The New Age of Music Marketing

By: Michael Noce

With the rapidly changing world of technology, businesses of all kinds have been forced to change and adapt to our fast moving world. The music business is no exception, the digital age has been changing the way music is promoted and discovered. Thanks in large part to Apple and iTtunes, the way we find and download music is completely different from just a decade ago. The days of artists going multi-platinum and promoting themselves through the release and sales of new albums are over causing record companies to come up with new strategies to promote their clients. Thanks to our tech-savvy generation, today’s youth have entered the music market and are now competing with big record companies from their own computers. This was made possible with the ability to upload and download music from the internet for free and our you has taken full advantage of this and by doing so is “driving down overall music sales.” With so many music options available on the web for free, its hard for record companies to promote their material in a way that persuades listeners to purchase the music, in turn they are going about promoting music in new ways. This makes me wonder, what new advancement in music will our youth influence next?

One of the main concepts in this new marketing approach has been all about gaining exposure. Record companies and artists must now willingly give away their music for free and hope that in return they will gain new fans that will purchase material later or strike gold with companies willing to market or license their music. This concept is being used by legends like Radiohead, who had their last album available online to download at the price of your choice, and basement DJ’s who use the online commons to give out their samples for free in order to gain recognition. One of the most successful examples of this I came across came from a band called the IdeaLists. This no-named band gained instant popularity by shooting a music video for a new song that contained “dogboarding” and made it available for all to see with no cost.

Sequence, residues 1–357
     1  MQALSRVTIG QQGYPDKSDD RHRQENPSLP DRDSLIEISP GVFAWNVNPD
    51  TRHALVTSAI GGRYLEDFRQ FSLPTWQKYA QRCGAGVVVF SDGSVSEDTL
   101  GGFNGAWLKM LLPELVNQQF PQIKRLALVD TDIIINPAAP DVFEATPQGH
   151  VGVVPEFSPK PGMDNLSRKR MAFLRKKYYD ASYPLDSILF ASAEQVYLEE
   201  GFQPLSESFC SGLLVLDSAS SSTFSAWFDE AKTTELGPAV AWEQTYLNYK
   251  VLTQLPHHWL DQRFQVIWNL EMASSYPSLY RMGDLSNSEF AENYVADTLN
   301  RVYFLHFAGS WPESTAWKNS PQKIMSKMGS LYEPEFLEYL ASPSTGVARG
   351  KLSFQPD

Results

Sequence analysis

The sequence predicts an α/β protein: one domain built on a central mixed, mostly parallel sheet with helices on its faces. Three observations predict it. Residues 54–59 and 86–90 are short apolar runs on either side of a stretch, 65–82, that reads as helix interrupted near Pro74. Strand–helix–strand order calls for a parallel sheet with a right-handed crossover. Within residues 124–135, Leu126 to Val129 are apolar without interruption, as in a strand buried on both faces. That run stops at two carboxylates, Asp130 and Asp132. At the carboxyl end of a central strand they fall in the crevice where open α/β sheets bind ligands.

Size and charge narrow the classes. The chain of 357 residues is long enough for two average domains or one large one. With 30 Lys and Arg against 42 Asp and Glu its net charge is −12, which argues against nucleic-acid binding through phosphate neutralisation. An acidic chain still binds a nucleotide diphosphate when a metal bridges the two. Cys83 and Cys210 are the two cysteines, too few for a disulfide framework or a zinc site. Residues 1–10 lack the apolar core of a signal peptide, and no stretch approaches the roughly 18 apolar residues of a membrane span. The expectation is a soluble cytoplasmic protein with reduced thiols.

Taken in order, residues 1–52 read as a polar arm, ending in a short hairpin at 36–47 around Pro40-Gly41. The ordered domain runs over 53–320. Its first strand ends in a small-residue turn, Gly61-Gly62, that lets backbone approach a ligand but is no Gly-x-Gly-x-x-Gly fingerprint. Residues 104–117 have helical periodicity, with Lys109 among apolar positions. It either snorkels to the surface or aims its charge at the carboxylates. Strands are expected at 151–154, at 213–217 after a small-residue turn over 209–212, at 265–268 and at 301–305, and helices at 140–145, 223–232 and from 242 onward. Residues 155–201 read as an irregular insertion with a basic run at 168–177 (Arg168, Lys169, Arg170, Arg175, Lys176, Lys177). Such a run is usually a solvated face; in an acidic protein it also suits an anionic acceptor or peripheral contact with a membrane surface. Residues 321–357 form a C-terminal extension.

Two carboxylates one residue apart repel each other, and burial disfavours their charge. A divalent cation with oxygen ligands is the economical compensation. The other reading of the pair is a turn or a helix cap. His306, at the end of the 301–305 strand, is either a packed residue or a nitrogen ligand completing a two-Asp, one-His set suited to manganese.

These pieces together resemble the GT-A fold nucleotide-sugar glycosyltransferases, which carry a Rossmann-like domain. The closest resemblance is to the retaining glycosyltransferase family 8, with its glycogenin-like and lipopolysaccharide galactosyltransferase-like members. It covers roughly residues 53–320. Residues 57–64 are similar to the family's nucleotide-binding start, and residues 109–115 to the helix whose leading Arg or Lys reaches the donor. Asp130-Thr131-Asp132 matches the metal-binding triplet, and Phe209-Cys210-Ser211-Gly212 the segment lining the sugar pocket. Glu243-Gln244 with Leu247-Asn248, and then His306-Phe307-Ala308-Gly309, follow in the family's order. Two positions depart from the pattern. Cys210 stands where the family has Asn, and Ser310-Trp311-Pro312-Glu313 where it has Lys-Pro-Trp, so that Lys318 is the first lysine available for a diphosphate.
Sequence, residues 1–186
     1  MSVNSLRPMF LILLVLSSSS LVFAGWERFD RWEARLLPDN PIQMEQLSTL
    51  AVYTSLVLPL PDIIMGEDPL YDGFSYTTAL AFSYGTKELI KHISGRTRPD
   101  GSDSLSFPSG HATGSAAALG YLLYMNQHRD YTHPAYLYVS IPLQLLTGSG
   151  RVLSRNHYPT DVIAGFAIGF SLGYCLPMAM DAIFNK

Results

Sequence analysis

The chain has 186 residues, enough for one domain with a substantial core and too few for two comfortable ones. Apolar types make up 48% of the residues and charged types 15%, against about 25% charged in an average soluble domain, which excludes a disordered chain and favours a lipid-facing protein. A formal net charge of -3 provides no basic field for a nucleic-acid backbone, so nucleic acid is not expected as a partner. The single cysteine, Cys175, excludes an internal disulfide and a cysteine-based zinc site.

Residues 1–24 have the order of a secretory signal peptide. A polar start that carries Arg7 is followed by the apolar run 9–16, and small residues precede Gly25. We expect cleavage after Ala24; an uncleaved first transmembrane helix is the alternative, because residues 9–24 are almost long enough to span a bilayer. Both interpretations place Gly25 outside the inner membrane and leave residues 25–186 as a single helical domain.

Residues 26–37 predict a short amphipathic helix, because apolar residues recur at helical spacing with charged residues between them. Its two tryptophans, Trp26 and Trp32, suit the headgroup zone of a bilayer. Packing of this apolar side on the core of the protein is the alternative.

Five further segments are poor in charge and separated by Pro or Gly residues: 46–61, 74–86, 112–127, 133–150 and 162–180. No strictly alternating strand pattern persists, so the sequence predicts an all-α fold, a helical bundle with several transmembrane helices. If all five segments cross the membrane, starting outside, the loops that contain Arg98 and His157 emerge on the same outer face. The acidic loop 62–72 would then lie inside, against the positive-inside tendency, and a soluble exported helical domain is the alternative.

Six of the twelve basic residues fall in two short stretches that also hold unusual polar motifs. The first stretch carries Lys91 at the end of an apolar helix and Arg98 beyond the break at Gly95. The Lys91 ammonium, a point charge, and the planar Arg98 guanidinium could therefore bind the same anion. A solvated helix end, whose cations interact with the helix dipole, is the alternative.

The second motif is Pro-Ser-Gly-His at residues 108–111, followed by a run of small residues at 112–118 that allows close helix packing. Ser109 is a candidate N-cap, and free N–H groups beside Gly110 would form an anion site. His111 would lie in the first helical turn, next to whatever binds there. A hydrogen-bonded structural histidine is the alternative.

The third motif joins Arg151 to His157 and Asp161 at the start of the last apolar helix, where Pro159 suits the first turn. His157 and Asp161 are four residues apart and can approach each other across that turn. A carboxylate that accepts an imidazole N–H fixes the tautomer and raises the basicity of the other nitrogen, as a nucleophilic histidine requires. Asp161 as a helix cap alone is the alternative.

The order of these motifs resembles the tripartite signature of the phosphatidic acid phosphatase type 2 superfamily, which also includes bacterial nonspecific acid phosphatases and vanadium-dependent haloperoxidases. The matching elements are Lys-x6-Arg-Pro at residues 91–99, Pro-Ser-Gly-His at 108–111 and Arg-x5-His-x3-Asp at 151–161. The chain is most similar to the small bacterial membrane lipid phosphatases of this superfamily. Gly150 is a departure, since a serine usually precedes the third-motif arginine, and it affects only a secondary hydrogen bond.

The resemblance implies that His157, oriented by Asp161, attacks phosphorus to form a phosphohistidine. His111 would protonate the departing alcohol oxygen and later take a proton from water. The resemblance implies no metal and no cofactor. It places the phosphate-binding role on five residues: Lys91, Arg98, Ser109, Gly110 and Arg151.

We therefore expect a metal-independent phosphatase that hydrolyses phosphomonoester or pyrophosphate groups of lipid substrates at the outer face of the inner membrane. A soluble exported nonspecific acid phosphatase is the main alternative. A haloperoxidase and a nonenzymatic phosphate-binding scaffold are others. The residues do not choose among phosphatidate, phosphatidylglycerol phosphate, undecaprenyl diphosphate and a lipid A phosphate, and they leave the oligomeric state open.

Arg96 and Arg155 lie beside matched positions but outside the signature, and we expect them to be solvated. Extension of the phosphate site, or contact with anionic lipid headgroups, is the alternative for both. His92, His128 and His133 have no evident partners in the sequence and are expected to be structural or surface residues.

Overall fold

<p><a href=”http://vimeo.com/21504557″>Dogboarding</a&gt; from <a href=”http://vimeo.com/danieldaniel”>DANIELS</a&gt; on <a href=”http://vimeo.com”>Vimeo</a&gt;.</p>

Another method of marketing artist have been using to gain exposure and money is by using big companies in two ways. One is by selling the rights to their songs for use in commercials. The artist sells their song to make money and gain exposure of their music, while the companies agree to it as they hope the public will think of their product that they have linked to the song each time they hear the song wherever it may be. The other way they took a page out of the movie industries book by starting to use product placement within their videos. I can understand why they would take a couple extra bucks to through in a quick clip of the lead singer sipping on a Pepsi, however, when Pepsi goes and uses a song to brand their product, it rubs me the wrong way. When artists, such as Train in the example below, use their tremendous talent to write and compose songs they put their own meanings into the song to send a message to their fans. After Pepsi throws money at them, they steal the song and destroy the meaning the artist meant for the song to have. They do this to make their product look superior to others and in doing so take the song out of context and embed a new meaning into the public’s’ mind. A good example of this is Vampire Weekend’s song Holiday, which was bought out by Honda to be used in multiple commercials during the holiday season. If you look at the lyrics, you can clearly see the song has nothing to do with the Christmas/Hanukkah/Kwanzaa season as the commercial portrays.

All of these new methods of reaching new audiences and spending money to give away free music in hopes of a greater return leads back to impact our youth has on the music industry. We have the ability to control the content that is available in the online commons. With our knowledge and experience of the online world, we have created a new world of online music that has forced multi-million dollar companies to change the way in which they market their products. Apple has been able to essentially monopolizes the online music downloading scene by keeping up with what we, the youth, wants and providing us with the tools necessary to not only discover new music, but share our own. Which brings up a concern of mine, how democratic is Itunes by taking over the online music scene and forcing us to pay as much as $1.29 for ONE song? This scares record companies and has forced them to dip as low as to try to sell music to our youth through violent and sexual music, that they believe appeals to us. This raises the question to me of how far will we allow record companies and artist to go in terms of the messages they are trying to sell to youth?

In music, sex and violence sells.

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